Pentagon likely to extend benefits to same-sex military spouses
A gay Army officer and his partner, a lawyer, stand in Freedom Plaza in Washington, D.C., in June, 2011. With the repeal of the “Don’t Ask, Don’t Tell” policy still a few weeks off at the time, their faces were not shown in order to protect their identities.
WASHINGTON — The military is poised to extend some benefits to the same-sex partners of service members, U.S. officials said Tuesday, about 16 months after the Pentagon repealed its ban on openly gay service.
Defense Secretary Leon Panetta has not made a final decision on which benefits will be included, the officials said, but the Pentagon is likely to allow same-sex partners to have access to the on-base commissary and other military subsidized stores, as well as some health and welfare programs.
Panetta must walk a fine, legal line. While there has been increased pressure on the Pentagon to extend some benefits to same-sex partners, defense officials must be careful not to violate the 1996 Defense of Marriage Act, or DOMA. The federal law forbids the federal government from recognizing any marriage other than those between a man and a woman.
An announcement is expected to come in the next several days. Officials discussed the plan on the condition of anonymity because they were not authorized to publicly speak about internal Pentagon deliberations.
Pentagon press secretary George Little declined to comment. Other officials made it clear that there are still last-minute legal discussions going on to determine the details.
Officials said the military likely will require that some type of document be signed to designate the military member's partner as a legitimate recipient of the benefits. The same-sex partners are also expected to be issued some type of identification card that would give them access to the military installations and programs.
Panetta's decision comes as he nears the end of his tenure as Pentagon chief and on the heels of President Barack Obama's broad call for equal rights for gays during his inaugural speech.
"Our journey is not complete until our gay brothers and sisters are treated like anyone else under the law — for if we are truly created equal, then surely the love we commit to one another must be equal as well," said Obama, who also has supported gay marriage.
Also, just days ago, a woman married to a female Army officer at Fort Bragg was invited to become a full member of the North Carolina base's officers' spouses club after initially being denied. The Marine Corps has also said that any spouses clubs operating on its bases must admit same-sex partners.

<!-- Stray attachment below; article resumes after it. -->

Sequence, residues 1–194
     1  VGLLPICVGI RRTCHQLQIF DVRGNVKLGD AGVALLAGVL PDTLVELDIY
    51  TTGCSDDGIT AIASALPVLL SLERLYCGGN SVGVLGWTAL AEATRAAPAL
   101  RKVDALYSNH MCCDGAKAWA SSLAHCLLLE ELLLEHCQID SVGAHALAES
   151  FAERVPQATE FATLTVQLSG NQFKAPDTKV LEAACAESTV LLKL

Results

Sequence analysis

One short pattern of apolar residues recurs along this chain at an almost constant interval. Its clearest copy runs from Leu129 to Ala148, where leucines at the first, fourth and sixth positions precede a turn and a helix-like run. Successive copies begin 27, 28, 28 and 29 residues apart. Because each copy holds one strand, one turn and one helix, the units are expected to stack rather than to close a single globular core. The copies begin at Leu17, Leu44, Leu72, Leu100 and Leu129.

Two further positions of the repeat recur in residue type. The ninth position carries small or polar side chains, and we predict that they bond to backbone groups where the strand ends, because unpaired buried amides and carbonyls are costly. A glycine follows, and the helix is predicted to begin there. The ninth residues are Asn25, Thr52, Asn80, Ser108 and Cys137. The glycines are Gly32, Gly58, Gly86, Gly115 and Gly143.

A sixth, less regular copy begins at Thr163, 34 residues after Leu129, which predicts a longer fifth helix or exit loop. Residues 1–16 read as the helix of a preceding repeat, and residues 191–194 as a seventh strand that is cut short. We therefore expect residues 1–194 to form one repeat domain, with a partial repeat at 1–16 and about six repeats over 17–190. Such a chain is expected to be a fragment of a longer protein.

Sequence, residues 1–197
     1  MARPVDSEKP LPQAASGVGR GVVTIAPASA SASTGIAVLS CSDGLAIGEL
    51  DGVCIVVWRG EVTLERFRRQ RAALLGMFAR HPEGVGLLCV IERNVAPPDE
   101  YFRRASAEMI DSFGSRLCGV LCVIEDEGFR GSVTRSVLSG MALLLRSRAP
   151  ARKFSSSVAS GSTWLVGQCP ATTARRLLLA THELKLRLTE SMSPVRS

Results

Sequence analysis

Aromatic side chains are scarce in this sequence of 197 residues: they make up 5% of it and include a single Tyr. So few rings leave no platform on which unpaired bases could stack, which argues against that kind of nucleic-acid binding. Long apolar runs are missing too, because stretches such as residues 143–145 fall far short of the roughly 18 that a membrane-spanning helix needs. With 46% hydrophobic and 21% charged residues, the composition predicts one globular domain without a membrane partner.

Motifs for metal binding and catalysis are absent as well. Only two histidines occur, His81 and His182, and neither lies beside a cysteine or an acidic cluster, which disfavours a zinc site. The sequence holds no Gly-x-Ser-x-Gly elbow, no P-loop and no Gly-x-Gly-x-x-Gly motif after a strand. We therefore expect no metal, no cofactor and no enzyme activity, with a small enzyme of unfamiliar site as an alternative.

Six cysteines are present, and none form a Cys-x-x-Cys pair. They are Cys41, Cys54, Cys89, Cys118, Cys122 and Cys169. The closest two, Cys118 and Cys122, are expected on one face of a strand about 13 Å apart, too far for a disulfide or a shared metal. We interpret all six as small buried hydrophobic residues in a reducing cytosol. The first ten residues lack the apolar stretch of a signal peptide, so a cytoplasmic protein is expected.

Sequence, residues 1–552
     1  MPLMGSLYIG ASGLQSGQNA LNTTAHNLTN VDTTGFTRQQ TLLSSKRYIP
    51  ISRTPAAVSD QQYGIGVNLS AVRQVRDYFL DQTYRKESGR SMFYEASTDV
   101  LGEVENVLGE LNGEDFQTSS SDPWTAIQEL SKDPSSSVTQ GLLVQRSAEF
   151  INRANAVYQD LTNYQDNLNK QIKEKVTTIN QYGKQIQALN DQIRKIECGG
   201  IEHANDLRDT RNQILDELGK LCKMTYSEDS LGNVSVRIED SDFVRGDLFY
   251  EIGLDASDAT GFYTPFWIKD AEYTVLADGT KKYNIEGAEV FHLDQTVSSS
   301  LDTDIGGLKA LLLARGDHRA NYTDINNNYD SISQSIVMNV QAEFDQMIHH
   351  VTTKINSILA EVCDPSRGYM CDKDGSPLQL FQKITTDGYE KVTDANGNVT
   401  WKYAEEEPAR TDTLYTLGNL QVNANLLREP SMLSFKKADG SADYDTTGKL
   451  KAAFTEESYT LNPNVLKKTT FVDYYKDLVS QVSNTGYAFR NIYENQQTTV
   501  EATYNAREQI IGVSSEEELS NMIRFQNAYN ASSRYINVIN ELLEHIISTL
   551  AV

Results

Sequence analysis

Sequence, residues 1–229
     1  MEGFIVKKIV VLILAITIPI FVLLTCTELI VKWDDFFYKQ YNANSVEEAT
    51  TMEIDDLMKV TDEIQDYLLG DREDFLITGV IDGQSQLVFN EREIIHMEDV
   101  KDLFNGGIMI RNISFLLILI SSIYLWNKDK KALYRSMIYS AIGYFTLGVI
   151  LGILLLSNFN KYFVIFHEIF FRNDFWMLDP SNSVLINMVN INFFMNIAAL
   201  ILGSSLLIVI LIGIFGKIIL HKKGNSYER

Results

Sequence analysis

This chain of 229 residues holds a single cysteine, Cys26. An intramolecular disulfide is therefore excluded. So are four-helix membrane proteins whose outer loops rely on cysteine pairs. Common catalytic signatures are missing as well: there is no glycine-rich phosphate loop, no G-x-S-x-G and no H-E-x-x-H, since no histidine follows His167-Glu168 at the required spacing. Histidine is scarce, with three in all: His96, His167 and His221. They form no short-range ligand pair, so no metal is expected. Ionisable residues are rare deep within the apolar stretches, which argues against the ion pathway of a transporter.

Last year, Rep. Adam Smith of Washington state, the top Democrat on the House Armed Services Committee, introduced legislation that would extend same-sex benefits to spouses of veterans and service members. He argued that with gays serving openly in the military, their spouses should receive the same benefits.
Under his measure, the Defense Department and Veterans Affairs Department would have to recognize any marriage that has been recognized by a state, the District of Columbia, commonwealths or territories. Nine states and the District of Columbia now allow gay and lesbian couples to marry.
"Building on the repeal of 'don't ask, don't tell,' this is another big step toward full equality in the military. No individual should be deprived of the benefits they have earned simply because of who they have married," Smith said Tuesday.
Advocacy groups called on Panetta to take substantive steps and grant full benefits that are available under the law.
"Considering DADT was repealed well over a year ago, our families have waited far too long for the Defense Department to extend benefits to same-sex military spouses," said Stephen Peters, president of the American Military Partner Association, which advocates for gay and lesbian military families. "No military family should suffer because of outdated regulations. For the sake of our families, we hope for substantive action and look forward to hearing from Secretary Panetta on exactly what benefits will be extended."
The repeal of the ban on gays serving openly in the military took effect in September 2011, and since then the Pentagon has been reviewing policies and procedures to see what military benefits can be opened to same sex partners without violating DOMA.
The Supreme Court is expected to rule on the constitutionality of DOMA in June, but advocacy groups have argued that there are a number of administrative steps the Pentagon could take to treat same-sex military couples more fairly.